• The use of unirradiated blood products with patients who have Acute Lymphoblastic Leukaemia

    Asked by KevinG on Monday, November 19, 2012

    The use of unirradiated blood products with patients who have Acute Lymphoblastic Leukaemia

    Here in Wales / Britain, Cerys was in the UK Acute Lymphoblastic Leukaemia Trail 2003.
    It has now come to my attention that under the Trail, they were allowed to give Cerys unirradiated blood product. I have a letter that says they can.
    My reason for writing is that this would have put Cerys at risk of transfusion associated graft -versus-host disease. There is nothing in Cerys' medical notes to say she contracted this disease.
    My thinking is however, that the use of unirradiated blood product, would work to Cerys' disadvantage, in that Cerys' remission would be shortened,she only managed 18 months
    with life after diagnosis?
    Was the use of unirradiated blood product allowed to be used in your or your relatives chemotherapy treatment?
    Or is the answer a definite no,no?
    Thank you.

    3 Answers from the Community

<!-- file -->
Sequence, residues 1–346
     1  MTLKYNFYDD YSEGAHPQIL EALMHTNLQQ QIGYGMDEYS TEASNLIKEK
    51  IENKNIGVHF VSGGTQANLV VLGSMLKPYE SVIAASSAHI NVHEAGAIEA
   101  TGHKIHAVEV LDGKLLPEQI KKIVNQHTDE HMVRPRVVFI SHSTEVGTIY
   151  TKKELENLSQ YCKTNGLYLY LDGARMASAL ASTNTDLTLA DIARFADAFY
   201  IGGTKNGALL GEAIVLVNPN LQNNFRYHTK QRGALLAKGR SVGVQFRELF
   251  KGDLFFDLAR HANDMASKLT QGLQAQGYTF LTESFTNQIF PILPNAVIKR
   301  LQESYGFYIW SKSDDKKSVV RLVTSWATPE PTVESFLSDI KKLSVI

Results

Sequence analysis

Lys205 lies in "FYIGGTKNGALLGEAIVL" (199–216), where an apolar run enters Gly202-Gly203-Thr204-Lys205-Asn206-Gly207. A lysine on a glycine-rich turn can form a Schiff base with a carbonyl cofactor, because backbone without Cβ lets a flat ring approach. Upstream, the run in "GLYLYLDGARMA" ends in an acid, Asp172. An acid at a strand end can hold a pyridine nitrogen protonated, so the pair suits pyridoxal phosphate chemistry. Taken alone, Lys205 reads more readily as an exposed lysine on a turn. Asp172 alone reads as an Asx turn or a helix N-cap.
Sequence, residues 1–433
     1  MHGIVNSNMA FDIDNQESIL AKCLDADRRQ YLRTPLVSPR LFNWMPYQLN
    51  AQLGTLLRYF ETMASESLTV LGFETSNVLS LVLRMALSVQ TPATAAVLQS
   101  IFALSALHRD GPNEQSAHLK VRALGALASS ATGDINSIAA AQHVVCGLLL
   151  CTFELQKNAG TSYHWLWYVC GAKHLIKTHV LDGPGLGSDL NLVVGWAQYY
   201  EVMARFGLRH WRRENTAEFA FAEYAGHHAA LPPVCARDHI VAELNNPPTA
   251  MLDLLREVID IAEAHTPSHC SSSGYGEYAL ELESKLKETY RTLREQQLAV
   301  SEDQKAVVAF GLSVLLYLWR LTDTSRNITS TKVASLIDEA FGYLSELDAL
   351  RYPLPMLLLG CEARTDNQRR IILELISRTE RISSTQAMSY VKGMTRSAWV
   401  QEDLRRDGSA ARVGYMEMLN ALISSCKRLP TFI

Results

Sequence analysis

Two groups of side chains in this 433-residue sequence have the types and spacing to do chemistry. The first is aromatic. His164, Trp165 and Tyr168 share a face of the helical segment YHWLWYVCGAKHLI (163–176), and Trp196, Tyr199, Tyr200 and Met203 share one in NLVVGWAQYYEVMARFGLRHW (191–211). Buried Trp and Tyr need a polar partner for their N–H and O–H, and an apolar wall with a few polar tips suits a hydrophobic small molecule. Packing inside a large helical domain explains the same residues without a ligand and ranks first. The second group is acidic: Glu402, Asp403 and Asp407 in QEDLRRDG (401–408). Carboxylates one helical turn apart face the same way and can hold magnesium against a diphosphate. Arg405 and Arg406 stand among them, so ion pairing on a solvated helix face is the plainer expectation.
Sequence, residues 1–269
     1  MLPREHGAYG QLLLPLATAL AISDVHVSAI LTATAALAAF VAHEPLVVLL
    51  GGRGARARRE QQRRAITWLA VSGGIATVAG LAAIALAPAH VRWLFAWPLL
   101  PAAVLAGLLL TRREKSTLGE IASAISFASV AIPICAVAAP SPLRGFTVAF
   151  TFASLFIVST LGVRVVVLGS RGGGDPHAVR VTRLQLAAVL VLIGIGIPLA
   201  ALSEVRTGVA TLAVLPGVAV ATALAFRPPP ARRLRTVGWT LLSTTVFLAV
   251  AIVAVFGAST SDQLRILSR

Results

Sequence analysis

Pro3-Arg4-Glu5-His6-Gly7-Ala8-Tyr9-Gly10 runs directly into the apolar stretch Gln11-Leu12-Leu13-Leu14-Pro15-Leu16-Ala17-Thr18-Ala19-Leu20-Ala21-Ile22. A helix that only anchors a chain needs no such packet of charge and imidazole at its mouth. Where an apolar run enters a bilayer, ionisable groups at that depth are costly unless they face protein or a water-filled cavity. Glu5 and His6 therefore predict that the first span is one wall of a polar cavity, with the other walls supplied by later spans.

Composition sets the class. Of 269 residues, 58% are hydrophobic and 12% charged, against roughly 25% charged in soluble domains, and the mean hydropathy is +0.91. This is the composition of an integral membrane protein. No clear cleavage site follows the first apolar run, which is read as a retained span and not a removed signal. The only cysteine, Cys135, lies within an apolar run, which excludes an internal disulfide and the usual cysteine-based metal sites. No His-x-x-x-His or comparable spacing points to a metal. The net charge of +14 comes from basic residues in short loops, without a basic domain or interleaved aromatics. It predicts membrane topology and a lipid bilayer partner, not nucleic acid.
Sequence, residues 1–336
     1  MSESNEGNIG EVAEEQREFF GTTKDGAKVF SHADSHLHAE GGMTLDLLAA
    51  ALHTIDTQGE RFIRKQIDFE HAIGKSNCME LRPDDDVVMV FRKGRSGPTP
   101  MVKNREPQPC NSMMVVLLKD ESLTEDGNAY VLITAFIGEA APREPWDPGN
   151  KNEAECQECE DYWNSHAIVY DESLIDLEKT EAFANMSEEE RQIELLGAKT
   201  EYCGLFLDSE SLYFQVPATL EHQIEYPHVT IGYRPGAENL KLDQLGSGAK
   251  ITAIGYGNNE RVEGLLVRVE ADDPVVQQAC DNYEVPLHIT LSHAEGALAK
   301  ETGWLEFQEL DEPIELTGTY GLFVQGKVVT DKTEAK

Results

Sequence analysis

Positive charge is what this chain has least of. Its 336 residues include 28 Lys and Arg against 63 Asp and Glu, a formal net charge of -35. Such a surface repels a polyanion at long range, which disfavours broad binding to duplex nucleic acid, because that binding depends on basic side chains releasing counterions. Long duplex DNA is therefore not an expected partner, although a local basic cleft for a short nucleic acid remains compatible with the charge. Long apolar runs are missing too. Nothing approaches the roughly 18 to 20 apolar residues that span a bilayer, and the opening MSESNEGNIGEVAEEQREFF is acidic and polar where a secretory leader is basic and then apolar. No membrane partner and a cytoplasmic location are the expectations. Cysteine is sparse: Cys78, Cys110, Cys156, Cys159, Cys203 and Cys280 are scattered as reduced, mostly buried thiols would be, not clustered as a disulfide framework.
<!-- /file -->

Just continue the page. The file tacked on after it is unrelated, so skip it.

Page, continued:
• nancyjac's Avatar

      I didn't have Leukemia, but I didn't have any blood products with my chemo. I did have blood transfusions with my subsequent surgery, but I don't know if it was irradiated or not.

      almost 4 years ago
    • Harry's Avatar
      Harry (Best Answer!)

      Did she have a bone marrow transplant? That's the only reason I can think of to give "blood product" and to have a concern about graft versus host diseast.

      I suspect this question is too technical. You might be best off talking to a doctor who was not involved with the original trial.

      If this involved a bone marrow transplant from an unreleated donor, then it is my understanding that those types of transplants carry both an improved chance for complete cure/remission, but also an elevated risk for failure and death.

      I don't know what the benefits of irradiated or unirradiated blood might be. It may be that irradiation is used to prevent the transfer of infection (AIDS) but I don't know how it would affect transplant rejection. Again, an expert on the subject who was not involved with the original trial may be your best source of information.

      almost 4 years ago
    • amandakrystyne's Avatar

      My daughter has had numerous transfusions. I am now curious on this topic, but unfortunately do not have an answer for you. :0 /

      over 3 years ago

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